I’ve heard it over and over again: Good customer service leads to good word of mouth marketing and ample rewards, but a recent incident has really brought this message home.

I was at the movie theatre just before Christmas and the manager I’ve gotten to know a bit came up to me, bursting to tell this story. He had been Christmas shopping at Indigo Books & Music on the way to  work and bought about $100 worth of books. After his shift, he went out to discover that his car had been broken into. The books, among other things, were gone. In addition to reporting the incident, he went to Indigo to ask that they be on the lookout for anyone trying to return the books for cash or credit. He thought this would be a good way to possibly catch the thief. End of story, or so he thought.

To his surprise, he received a gift card for $100 from Indigo a few days later, so he could replace the stolen books! WOW!

I would never propose that we only do good deeds if there is an ulterior motive, but consider the value of that gift card. It seems very extravagant at first. They didn’t know my friend, so they didn’t know what his buying habits were. Was he a regular customer, someone ‘deserving’ of that treatment? But that gift card (which won’t actually cost them $100 in books) did several things: First, it made my friend a customer for life. (He even said so.) Second, you can be sure he will faithfully refer everybody to Indigo if they need a bookstore. Third, think of how often he’s told that story and the ripple effect it has had on peoples’ attitudes to that store. It certainly affected mine; I’ll go there more often. Finally, here I am blogging about the story of a good deed by Indigo Books & Music. Consider the added impact that has.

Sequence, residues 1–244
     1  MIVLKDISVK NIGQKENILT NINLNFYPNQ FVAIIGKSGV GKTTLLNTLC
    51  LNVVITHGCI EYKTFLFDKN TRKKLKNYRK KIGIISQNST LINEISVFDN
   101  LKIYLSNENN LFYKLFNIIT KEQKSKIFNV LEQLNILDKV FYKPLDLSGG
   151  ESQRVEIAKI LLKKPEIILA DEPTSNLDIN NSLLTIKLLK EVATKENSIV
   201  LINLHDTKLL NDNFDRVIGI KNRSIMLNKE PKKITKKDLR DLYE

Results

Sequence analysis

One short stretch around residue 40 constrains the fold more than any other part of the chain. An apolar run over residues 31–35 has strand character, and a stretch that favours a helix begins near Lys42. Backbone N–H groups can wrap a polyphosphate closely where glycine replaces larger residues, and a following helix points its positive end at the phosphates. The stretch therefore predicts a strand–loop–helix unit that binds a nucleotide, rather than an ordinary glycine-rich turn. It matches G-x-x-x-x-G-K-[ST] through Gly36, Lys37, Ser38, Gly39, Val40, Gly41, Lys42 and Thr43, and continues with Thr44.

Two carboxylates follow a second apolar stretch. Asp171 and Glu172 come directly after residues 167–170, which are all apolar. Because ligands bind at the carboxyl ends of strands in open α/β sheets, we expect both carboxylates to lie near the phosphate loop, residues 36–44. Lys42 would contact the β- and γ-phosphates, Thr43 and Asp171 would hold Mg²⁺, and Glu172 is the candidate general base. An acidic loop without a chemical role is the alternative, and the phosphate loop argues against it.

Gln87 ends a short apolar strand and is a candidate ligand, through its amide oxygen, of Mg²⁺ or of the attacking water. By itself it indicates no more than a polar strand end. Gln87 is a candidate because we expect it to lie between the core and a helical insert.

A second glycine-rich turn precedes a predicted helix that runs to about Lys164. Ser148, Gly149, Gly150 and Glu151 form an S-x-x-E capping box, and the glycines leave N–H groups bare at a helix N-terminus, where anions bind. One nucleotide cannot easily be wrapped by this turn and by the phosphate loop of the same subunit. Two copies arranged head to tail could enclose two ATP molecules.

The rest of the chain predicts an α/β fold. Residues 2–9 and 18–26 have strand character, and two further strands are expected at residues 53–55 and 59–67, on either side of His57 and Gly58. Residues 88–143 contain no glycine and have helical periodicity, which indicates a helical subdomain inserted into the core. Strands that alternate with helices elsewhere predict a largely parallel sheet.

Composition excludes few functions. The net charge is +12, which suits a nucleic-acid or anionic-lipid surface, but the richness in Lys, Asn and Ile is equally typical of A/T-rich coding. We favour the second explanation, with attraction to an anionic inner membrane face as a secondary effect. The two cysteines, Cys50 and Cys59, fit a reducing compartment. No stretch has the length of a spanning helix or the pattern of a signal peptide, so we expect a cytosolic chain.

Do you have a  good deed story you’d like to share? Is your business prepared to invest in customer loyalty like that? Join the conversation.